If you have received a SMS from SARS, watch these easy steps in their videos on how to view the auto assessment on eFiling or on MobiApp.

 

 

News: SARS is sending out “ auto assessed” SMSes, and what you should do.

SA Revenue Service is currently sending out 3.1 million SMSes to taxpayers whose returns will be assessed automatically this year.

If you receive an SMS, this means that SARS will complete your return with all the information it received for you – gathered from your employer, bank, medical scheme, retirement annuity administrator and other companies – and send you an assessment. If you accept it, you won’t have to file a tax return at all.

By yesterday midday, 62,500 taxpayers already accepted their auto-assessments, SARS Commissioner Edward Kieswetter told Netwerk24 yesterday. Those who were automatically assessed and are owed money from SARS, will receive it in the first week of August.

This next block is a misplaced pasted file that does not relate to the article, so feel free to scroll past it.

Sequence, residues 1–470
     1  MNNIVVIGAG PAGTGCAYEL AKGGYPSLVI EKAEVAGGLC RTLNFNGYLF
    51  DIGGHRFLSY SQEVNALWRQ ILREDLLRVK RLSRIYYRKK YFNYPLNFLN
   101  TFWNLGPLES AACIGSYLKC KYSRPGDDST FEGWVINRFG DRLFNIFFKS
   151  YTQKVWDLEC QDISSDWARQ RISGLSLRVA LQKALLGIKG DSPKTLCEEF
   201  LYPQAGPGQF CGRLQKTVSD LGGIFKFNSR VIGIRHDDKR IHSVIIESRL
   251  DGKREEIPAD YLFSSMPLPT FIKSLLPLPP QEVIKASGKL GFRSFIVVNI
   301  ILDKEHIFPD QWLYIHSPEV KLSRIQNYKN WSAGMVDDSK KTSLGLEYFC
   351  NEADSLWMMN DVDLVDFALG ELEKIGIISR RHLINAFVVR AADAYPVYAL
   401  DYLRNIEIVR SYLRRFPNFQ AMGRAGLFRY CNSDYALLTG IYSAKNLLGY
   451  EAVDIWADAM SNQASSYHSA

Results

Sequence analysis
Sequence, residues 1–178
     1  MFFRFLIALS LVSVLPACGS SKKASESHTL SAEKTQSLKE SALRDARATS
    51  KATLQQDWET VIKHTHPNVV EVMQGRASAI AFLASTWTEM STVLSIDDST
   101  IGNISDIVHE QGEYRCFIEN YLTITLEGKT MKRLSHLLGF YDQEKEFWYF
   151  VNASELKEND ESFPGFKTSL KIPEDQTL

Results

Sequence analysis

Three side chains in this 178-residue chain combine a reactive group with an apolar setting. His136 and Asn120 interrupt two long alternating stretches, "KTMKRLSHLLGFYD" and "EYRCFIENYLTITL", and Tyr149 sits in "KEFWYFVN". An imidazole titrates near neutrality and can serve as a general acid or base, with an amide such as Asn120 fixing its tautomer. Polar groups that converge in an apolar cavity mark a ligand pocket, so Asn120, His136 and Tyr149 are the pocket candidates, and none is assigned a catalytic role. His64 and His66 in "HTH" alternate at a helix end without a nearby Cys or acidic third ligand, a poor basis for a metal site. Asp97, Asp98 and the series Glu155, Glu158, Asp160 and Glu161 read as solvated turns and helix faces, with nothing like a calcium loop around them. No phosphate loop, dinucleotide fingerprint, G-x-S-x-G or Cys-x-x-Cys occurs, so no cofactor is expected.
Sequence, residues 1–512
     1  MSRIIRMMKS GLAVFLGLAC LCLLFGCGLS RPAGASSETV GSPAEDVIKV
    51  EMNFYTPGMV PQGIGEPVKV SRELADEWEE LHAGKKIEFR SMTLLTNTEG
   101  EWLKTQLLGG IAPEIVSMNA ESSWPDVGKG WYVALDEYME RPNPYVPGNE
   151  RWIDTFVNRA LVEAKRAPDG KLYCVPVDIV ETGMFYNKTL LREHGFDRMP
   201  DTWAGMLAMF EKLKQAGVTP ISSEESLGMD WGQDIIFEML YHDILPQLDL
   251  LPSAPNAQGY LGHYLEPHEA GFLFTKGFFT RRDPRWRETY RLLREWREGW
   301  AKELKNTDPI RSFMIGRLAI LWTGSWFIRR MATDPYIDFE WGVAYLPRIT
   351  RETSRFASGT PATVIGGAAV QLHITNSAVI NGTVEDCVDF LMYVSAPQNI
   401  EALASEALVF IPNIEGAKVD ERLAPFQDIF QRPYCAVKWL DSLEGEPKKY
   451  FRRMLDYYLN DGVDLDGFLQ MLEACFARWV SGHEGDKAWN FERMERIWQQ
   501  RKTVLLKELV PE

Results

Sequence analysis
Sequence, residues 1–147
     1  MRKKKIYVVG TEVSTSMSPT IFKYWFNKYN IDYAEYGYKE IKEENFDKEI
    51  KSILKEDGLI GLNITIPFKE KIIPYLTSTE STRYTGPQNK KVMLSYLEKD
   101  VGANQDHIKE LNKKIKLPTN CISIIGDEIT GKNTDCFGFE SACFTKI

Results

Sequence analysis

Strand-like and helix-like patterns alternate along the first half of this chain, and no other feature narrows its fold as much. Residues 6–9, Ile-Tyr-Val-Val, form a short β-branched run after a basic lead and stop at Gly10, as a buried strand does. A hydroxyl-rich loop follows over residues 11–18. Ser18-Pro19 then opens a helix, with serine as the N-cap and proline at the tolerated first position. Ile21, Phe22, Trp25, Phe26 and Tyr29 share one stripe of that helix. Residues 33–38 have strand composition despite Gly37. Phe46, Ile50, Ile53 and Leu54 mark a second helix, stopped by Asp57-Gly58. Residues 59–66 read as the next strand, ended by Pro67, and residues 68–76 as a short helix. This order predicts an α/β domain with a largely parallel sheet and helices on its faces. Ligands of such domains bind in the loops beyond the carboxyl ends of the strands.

How do you know if you will be auto-assessed?

  • SARS will send you an SMS by end-August to alert you that your completed return is available in eFiling or on the SARS mobile app.
  • If you accept the assessment and a refund is due, it will be paid into to your bank account by the first week of August, Kieswetter said yesterday.

What happens if you don’t accept the auto-assessment?

  • If you dispute the assessment, you can file your edited tax return electronically by 16 November.

What should you look out for?

  • Each taxpayer needs to validate their auto-prepared tax return with the information they received from third parties, before accepting the assessment, says Thamsanqa Msiza, head of individual tax returns at Tax Consulting SA.